Now, I must watch A Christmas Carol.

  10. Chris, I didn’t know vegans believed in Spam. Double whoa.

  11. So this year I’m going to try and keep my mind on the Christian message that I love: equality, respect, love, peace, and service. I’ll remember baby Jesus, and adult Jesus, and all the things he taught. But just for insurance, I’m tucking in my ipod, full of Christmas songs, some wrapping paper, some chocolate, and few surprises for my friends. As a mere sentimental human, I need all the help I can get.

    That is a nice balance between giving in to the smurfs and puritan harshness.

  12. IdahoG-ma says:

    Oh, spam! That’s why vegans don’t eat meat. (head slap)

  13. what a market there must be for tofu spam!

  14. Sorry, but the editor in me has to point out that (0nly sibling) should read (Only sibling). That’s a zero instead of a capital letter O.

  15. While I don’t quite get Geoff’s smurf comment, I do agree that we crave rituals (though we often call them traditions). In our family, which has lived in four countries during our married life with kids) we have tried to hold onto our basic Christmas rituals as a way of grounding ourselves despite where we are. At the same time, we try to embrace the local traditions and expand our horizons a bit.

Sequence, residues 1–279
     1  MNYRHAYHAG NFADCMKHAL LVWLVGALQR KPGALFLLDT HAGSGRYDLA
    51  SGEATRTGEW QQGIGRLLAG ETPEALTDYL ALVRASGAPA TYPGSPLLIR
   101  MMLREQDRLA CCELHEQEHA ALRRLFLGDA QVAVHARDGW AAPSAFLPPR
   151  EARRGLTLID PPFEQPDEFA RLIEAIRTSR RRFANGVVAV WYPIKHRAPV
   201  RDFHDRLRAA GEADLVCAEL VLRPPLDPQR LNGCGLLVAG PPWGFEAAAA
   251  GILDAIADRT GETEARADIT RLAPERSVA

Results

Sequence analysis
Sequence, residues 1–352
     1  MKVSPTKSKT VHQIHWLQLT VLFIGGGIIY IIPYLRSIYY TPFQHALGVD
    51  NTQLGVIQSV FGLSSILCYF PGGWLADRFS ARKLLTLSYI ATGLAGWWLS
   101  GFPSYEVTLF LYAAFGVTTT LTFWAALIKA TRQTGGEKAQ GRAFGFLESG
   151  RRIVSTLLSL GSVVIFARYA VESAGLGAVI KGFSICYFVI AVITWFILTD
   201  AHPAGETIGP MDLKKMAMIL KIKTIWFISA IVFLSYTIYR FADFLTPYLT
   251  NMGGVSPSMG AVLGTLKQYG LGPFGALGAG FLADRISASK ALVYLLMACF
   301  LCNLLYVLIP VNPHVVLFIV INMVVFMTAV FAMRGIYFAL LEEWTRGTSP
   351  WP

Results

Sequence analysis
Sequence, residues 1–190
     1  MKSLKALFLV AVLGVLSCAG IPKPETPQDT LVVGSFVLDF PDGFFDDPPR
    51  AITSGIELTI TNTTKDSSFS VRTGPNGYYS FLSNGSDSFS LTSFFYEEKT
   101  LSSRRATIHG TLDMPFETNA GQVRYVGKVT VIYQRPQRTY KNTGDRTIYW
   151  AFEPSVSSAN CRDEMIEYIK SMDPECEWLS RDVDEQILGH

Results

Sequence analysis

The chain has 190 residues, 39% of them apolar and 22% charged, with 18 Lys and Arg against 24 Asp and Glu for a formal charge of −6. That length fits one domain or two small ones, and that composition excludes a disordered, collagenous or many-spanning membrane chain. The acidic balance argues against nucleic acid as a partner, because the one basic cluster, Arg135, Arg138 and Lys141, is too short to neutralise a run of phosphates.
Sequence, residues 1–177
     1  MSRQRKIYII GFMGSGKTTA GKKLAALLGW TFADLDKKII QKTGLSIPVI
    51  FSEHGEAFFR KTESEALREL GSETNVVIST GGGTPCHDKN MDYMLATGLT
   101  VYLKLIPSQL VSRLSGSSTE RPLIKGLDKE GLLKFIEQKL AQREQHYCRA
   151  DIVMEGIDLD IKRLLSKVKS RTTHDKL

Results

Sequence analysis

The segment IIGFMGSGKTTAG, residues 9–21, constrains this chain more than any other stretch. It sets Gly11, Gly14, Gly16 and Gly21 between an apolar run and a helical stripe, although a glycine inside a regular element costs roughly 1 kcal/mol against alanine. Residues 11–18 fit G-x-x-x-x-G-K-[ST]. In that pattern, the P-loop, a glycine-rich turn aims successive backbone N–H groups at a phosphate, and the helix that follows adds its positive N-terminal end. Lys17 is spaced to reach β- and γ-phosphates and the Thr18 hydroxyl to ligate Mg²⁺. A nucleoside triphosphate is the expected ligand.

16. I feel a deep connection with Christmas traditions, but it’s also important to expand those traditions. As shown in the Book of Mormon, traditions can be great helps or hinderances, depending on if they’re good or bad. I think the process of ferreting out false traditions and replacing them with Godly ones is apt.

    For instance, while a missionary I experienced a wonderful Christmas Eve with a loving member family. They invited us over for dinner, but when we showed up the lights were off and only the faint flicker of candlelight could be seen. We knocked on their door and were lead into their living room, which had been modified for the occasion. A long table which sat about two feet off the ground was covered in all kinds of middle-eastern and Mediterranean foods. We were instructed to wash our hands and sit on the floor to eat. They were trying to recreate a meal that could have been served in the time of Christ’s birth. It was amazing and it made Christmas much more rich for me.